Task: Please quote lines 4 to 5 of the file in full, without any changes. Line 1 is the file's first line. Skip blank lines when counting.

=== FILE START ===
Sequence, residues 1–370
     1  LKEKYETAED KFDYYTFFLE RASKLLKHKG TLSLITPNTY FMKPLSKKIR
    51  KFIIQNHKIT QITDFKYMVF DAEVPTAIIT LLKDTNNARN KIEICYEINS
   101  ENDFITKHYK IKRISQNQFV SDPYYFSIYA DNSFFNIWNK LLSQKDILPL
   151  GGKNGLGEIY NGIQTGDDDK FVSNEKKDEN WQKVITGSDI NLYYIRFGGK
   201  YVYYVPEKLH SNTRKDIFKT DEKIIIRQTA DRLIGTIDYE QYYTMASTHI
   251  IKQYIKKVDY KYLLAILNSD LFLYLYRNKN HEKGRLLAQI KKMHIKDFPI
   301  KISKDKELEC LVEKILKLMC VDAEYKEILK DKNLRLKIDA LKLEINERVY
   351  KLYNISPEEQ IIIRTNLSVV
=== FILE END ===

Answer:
   101  ENDFITKHYK IKRISQNQFV SDPYYFSIYA DNSFFNIWNK LLSQKDILPL
   151  GGKNGLGEIY NGIQTGDDDK FVSNEKKDEN WQKVITGSDI NLYYIRFGGK